Date of Award
Ph.D. in Psychology
Danielle J. Maack
University of Mississippi
Awareness towards maternal mental health conditions (MMHC) has recently increased, especially during the perinatal period (pregnancy and the first postpartum year [Kucherer & Byatt, 2020]). However, perinatal Obsessive-Compulsive Disorder (OCD), continues to face unique challenges. Perinatal OCD is found to be insufficiently recognized, diagnosed, and treated compared to other MMHC (Mulcahy et al., 2020). Researchers have identified a general lack of awareness and/or stigmatization of the disorder as complicating factors (Cooke et al., 2020; McCarty et al., 2017). One promising avenue for addressing such barriers to accessing care is psychoeducation intervention (PEI) focusing on perinatal OCD (Timpano et al., 2011).
Consequently, the purpose of the present study was to assess the experience of OCS and to expand awareness and understanding surrounding perinatal MMHC, (with a focus on perinatal OCD/OCS) via a single-session, virtually-delivered psychoeducational intervention (PEI). A nonclinical sample of perinatal and non-perinatal participated in this study. Participants completed online self-report measures and were randomly assigned to either the Active Condition (perinatal OCD/OCS psychoeducation intervention) or Control Condition (alternative psychoeducation intervention). It was hypothesized that prior to the intervention, perinatal individuals would report higher symptom experience at baseline, and that specific OCS subtypes would vary in prevalence based on the perinatal period. Furthermore, it was hypothesized that Harm and Taboo-Content OCS would be more stigmatized compared to Contamination OCS at baseline. Finally, the Active PEI Condition was evaluated for effectiveness, hypothesizing that it would lead to greater reductions in OCS and stigma compared to the Control PEI Condition and be perceived as more acceptable.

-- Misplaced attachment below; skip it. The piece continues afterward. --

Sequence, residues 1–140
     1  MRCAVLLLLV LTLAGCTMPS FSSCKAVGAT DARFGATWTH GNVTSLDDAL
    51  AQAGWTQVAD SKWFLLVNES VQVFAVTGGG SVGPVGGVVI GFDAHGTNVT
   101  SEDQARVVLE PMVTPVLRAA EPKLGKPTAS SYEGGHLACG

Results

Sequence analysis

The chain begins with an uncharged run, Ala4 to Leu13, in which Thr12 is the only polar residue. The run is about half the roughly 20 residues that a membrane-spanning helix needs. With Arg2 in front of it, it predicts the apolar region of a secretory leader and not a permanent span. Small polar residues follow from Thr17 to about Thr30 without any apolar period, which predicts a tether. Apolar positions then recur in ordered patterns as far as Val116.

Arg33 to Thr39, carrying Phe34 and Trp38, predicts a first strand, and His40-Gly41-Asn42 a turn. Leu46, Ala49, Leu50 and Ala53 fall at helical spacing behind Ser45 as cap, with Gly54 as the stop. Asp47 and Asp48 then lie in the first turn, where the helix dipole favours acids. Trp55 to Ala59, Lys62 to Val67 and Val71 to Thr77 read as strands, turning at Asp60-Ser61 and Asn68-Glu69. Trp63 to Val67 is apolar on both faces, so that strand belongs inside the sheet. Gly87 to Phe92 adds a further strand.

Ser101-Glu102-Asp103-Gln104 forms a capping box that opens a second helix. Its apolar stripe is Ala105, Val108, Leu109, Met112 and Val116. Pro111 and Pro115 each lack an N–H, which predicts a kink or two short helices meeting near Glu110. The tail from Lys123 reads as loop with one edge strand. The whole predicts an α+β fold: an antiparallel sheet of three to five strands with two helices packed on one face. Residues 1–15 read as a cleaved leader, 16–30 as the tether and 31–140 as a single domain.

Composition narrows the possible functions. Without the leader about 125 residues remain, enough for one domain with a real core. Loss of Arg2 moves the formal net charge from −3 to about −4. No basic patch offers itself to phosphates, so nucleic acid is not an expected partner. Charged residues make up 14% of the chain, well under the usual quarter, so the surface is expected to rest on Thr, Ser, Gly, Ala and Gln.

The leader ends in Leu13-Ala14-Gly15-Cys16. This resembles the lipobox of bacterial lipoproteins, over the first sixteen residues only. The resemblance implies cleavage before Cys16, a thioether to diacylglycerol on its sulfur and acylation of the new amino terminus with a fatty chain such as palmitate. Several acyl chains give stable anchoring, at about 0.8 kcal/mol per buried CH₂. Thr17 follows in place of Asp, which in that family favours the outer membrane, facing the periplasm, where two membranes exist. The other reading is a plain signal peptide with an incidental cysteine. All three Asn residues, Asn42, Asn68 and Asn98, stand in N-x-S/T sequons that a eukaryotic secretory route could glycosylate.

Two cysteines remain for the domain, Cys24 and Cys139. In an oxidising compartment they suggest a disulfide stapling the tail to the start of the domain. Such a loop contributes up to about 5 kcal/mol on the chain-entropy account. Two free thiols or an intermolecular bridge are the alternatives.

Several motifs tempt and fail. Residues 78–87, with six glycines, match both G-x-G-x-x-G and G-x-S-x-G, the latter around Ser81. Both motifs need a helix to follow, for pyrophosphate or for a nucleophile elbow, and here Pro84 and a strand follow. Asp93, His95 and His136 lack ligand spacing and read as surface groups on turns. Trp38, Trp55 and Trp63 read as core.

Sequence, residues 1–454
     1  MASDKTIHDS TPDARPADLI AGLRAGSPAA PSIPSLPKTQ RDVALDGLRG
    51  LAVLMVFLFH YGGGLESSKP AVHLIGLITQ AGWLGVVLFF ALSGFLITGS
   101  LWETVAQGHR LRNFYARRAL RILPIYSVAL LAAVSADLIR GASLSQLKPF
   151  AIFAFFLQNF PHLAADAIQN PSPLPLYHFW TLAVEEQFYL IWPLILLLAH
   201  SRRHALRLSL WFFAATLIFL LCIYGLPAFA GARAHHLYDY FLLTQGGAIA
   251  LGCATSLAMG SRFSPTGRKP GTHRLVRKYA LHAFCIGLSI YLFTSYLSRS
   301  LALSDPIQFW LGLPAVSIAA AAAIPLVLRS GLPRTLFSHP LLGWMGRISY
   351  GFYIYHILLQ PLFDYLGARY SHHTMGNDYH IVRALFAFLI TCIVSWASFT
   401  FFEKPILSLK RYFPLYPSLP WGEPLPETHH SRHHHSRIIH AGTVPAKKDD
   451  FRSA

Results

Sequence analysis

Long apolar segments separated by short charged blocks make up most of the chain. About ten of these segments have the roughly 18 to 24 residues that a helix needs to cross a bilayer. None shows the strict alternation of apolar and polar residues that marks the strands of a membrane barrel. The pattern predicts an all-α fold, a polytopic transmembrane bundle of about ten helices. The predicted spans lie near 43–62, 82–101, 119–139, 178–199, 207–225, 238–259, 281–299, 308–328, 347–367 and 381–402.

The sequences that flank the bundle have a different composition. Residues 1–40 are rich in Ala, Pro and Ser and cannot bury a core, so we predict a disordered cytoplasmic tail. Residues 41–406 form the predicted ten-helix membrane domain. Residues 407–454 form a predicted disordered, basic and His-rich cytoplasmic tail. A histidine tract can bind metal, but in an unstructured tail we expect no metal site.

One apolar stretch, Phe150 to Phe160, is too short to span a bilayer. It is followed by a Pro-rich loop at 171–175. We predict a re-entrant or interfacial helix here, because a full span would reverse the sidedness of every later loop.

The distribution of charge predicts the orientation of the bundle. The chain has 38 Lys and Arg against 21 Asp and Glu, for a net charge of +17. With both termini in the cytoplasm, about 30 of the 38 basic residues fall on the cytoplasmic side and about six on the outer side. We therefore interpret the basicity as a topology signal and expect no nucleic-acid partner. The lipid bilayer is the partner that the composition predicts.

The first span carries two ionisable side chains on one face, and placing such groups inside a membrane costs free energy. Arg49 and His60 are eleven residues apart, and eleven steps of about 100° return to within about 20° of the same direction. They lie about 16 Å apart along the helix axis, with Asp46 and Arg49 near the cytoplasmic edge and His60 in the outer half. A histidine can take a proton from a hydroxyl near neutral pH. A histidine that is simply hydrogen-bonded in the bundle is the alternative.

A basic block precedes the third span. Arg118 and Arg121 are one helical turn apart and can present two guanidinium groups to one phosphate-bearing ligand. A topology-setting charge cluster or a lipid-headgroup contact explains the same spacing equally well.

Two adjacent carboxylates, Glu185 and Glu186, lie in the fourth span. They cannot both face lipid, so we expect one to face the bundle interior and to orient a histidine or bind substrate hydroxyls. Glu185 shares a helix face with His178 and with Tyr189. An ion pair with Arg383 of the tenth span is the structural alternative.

Results showed that with the exception of reducing stigma endorsed towards the Contamination Subtype of OCS, overall findings were non-significant. However, results nonetheless contribute to the literature by offering points for future consideration in an understudied area of research. The clinical implications for such research include reducing shame and stigma towards perinatal OCD/OCS, namely Contamination OCS during a global pandemic, thereby potentially improving access to evidence-based care for such symptoms. Future research is needed to generalize findings to more diverse populations, especially among those with less education, and explore various psychoeducational intervention and prevention approaches.
Gilbert, Alexandra Marie, "Baby, OCD, and Me: Psychoeducation Intervention on Perinatal Obsessive-Compulsive Disorder" (2023). Electronic Theses and Dissertations. 2681.